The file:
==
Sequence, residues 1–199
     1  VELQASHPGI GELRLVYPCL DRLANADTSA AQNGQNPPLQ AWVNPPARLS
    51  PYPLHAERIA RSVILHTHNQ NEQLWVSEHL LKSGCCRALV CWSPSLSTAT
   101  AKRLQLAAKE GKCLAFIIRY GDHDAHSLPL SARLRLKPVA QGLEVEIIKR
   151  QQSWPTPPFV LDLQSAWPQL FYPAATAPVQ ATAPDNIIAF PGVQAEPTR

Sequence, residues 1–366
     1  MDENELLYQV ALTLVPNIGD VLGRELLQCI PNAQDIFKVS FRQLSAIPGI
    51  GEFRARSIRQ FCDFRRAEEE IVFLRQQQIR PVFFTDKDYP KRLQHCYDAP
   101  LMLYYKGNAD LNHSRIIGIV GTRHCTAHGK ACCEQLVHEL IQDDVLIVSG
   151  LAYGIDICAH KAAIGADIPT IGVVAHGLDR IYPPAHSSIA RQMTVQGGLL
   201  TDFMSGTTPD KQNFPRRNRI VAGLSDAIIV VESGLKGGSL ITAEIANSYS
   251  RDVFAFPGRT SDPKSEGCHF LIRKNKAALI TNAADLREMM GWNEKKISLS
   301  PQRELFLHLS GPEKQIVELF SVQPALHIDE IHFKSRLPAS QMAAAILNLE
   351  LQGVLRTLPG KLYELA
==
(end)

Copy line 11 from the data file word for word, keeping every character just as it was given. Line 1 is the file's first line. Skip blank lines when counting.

   201  TDFMSGTTPD KQNFPRRNRI VAGLSDAIIV VESGLKGGSL ITAEIANSYS